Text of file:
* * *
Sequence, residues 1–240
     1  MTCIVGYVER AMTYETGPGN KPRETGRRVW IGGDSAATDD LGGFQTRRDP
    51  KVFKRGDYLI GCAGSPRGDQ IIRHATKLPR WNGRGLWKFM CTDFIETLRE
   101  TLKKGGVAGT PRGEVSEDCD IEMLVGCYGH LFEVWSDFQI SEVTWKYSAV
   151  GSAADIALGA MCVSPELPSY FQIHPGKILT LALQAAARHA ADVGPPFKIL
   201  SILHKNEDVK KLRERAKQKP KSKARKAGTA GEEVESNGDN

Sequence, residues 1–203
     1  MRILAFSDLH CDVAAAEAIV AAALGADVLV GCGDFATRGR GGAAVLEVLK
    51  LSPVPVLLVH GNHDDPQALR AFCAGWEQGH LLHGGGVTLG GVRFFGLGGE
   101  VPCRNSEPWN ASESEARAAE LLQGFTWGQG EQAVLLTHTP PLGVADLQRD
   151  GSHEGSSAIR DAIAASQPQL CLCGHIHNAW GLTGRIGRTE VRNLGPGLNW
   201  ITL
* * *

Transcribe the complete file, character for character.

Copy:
Sequence, residues 1–240
     1  MTCIVGYVER AMTYETGPGN KPRETGRRVW IGGDSAATDD LGGFQTRRDP
    51  KVFKRGDYLI GCAGSPRGDQ IIRHATKLPR WNGRGLWKFM CTDFIETLRE
   101  TLKKGGVAGT PRGEVSEDCD IEMLVGCYGH LFEVWSDFQI SEVTWKYSAV
   151  GSAADIALGA MCVSPELPSY FQIHPGKILT LALQAAARHA ADVGPPFKIL
   201  SILHKNEDVK KLRERAKQKP KSKARKAGTA GEEVESNGDN

Sequence, residues 1–203
     1  MRILAFSDLH CDVAAAEAIV AAALGADVLV GCGDFATRGR GGAAVLEVLK
    51  LSPVPVLLVH GNHDDPQALR AFCAGWEQGH LLHGGGVTLG GVRFFGLGGE
   101  VPCRNSEPWN ASESEARAAE LLQGFTWGQG EQAVLLTHTP PLGVADLQRD
   151  GSHEGSSAIR DAIAASQPQL CLCGHIHNAW GLTGRIGRTE VRNLGPGLNW
   201  ITL